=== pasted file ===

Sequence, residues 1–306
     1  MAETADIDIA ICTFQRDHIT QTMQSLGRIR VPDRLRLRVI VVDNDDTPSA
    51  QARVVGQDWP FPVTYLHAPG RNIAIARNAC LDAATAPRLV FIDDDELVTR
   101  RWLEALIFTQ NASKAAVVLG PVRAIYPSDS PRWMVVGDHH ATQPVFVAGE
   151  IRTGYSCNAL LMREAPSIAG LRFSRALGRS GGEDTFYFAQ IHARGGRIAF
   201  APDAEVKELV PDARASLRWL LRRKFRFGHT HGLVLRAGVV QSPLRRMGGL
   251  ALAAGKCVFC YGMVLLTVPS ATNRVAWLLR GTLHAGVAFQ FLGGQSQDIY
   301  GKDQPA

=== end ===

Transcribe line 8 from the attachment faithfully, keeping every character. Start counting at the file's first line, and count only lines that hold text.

   301  GKDQPA